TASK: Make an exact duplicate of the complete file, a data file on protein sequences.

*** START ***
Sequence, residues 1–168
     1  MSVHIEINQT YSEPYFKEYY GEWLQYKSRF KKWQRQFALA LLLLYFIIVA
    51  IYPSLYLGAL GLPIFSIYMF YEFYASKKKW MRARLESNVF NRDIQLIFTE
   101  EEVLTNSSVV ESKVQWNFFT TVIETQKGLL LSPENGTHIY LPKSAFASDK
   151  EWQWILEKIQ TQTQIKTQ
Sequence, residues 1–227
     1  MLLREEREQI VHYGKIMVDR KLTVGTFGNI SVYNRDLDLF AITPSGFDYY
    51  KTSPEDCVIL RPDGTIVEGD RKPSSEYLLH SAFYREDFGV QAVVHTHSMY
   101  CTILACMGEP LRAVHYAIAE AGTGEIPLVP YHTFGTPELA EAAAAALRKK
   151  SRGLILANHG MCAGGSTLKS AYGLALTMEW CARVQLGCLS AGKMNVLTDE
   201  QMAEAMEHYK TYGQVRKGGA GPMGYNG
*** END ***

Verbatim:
Sequence, residues 1–168
     1  MSVHIEINQT YSEPYFKEYY GEWLQYKSRF KKWQRQFALA LLLLYFIIVA
    51  IYPSLYLGAL GLPIFSIYMF YEFYASKKKW MRARLESNVF NRDIQLIFTE
   101  EEVLTNSSVV ESKVQWNFFT TVIETQKGLL LSPENGTHIY LPKSAFASDK
   151  EWQWILEKIQ TQTQIKTQ
Sequence, residues 1–227
     1  MLLREEREQI VHYGKIMVDR KLTVGTFGNI SVYNRDLDLF AITPSGFDYY
    51  KTSPEDCVIL RPDGTIVEGD RKPSSEYLLH SAFYREDFGV QAVVHTHSMY
   101  CTILACMGEP LRAVHYAIAE AGTGEIPLVP YHTFGTPELA EAAAAALRKK
   151  SRGLILANHG MCAGGSTLKS AYGLALTMEW CARVQLGCLS AGKMNVLTDE
   201  QMAEAMEHYK TYGQVRKGGA GPMGYNG